Ethiopia: Mitigating Shortfall of Agricultural Products to Meet Manufacturing Industries’ Inputs
In the transition from agricultural led economy to the industry led one, agro-industry is highly expected to play crucial role by connecting agriculture with the industry through forward and backward linkage mechanism. In addition to this, it needs to play sounding role in creating market for farmers and employment opportunity for the job seekers.
In order To meet this aspiration, the manufacturing sector which utilizes agricultural products such as oil seeds and wheat among others as inputs is flourishing but it also faced shortage of inputs due to various reasons.
According to the Ministry of Trade and Industry’s recent report, there are more than 30 small and medium size enterprises engaged in edible oil production but due to the shortage of inputs in the local market, they produce by only 35 percent of their production capacity.
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While conducting a meeting with the stake holders recently, the Minister of Trade and Industry, Melaku Alebel said that to substitute the importation of edible oil with domestic production, his Ministry is trying its level best. Currently, the country’s demand for edible oil is 906.5 million liters a year and a joint venture between government and private investors undergone to meet the demand over the past three years. To this end, the number of refineries has been increased from 14 to 30 but it is still in vain.
According to Melaku, the annual production capacity of oil refineries has been increased from 89 million liters to 1.25 billion liters.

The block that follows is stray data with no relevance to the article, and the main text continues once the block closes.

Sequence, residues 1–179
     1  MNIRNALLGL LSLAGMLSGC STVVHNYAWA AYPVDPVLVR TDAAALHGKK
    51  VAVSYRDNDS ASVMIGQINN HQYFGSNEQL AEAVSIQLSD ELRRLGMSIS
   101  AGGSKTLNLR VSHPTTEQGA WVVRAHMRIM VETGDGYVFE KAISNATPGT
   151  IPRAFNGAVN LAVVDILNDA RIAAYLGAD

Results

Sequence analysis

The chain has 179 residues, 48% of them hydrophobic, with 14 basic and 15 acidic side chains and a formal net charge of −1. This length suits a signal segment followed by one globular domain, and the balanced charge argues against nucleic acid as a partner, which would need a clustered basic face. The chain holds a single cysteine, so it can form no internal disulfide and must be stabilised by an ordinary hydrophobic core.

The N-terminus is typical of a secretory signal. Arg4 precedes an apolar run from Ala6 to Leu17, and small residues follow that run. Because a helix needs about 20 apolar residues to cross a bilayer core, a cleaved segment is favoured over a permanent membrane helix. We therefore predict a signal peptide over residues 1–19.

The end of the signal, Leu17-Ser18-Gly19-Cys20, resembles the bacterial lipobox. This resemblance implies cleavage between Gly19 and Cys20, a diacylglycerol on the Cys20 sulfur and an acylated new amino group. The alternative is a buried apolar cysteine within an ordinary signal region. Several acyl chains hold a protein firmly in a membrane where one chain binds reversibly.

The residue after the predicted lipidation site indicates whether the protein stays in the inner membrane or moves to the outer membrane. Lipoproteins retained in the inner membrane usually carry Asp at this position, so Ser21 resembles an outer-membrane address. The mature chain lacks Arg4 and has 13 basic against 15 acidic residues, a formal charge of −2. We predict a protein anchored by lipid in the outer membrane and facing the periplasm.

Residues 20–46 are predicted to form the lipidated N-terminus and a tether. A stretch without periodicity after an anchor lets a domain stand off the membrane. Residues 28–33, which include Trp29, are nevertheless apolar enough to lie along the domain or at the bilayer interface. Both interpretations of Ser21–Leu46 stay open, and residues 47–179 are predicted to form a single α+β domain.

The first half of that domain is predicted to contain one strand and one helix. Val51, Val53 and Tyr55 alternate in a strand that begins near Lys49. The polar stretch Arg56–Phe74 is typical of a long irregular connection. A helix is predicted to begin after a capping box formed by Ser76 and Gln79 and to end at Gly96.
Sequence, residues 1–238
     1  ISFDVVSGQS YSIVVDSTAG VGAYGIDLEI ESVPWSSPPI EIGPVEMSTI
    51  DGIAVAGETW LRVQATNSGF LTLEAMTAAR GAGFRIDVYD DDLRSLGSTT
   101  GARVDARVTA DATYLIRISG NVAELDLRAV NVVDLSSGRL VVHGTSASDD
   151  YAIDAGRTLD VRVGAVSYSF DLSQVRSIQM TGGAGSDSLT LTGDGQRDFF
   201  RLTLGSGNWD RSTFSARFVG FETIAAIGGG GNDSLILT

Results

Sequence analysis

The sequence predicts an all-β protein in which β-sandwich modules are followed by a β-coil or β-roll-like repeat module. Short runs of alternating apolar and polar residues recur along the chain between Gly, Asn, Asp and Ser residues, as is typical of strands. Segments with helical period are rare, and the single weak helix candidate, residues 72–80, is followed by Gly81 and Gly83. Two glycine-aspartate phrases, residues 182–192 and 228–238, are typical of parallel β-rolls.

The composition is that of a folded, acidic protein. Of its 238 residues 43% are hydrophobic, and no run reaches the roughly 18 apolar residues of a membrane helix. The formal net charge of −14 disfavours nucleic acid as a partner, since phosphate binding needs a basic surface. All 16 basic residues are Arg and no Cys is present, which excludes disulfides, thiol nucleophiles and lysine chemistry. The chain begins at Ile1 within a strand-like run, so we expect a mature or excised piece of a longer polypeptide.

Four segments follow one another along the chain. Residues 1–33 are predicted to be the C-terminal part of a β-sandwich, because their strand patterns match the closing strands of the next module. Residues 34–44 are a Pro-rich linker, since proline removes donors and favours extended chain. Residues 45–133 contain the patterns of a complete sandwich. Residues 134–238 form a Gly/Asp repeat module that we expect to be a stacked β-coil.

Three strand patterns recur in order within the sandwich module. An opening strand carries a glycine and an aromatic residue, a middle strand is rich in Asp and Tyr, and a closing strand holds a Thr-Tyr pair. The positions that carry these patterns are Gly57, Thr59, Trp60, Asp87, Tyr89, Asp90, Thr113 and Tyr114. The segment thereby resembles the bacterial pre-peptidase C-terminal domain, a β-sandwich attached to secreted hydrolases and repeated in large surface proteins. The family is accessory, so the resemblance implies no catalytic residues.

In addition, the total oil demand has increased from 5 percent to 40 percent and 4,000 new jobs have been created through the extraction of edible oil in the sector. Hence, to bridge the gap, the nation spends significant amount of hard currency for the importation of products annually.
Efforts are underway to alleviate the shortage of inputs in the country’s edible oil production and to this end; study on the major problems of the oil industry will be conducted and discussed by the Food, Beverage and Pharmaceutical Industry Development Institute of the Ministry of Trade and Industry.
Dr. Demis Chanyalew is an agriculturalist and works as a consultant for various institutions. While he made an interview with The Ethiopian Herald, he said that Ethiopia can be a center of excellence on agro-industry in Africa. It has fertile land and conducive agro-ecological zones but unable to utilize properly due to absence of technology and finance. As a result, most manufacturing industries import wheat and oil crops for macaroni, pasta and edible oil production.
Asked what mechanism should be forwarded to address the challenge, Demis said that in the first place, studying the industries’ situation is vital and without surveying whether sufficient input is locally available or not, simply expanding industries is not feasible. Ahead of complaining about the shortage, studying the value chain from producing agricultural products to supplying and agro-processing is vital. Besides, instead of expanding giant oil producing firms, it is rather better to support cottage industries.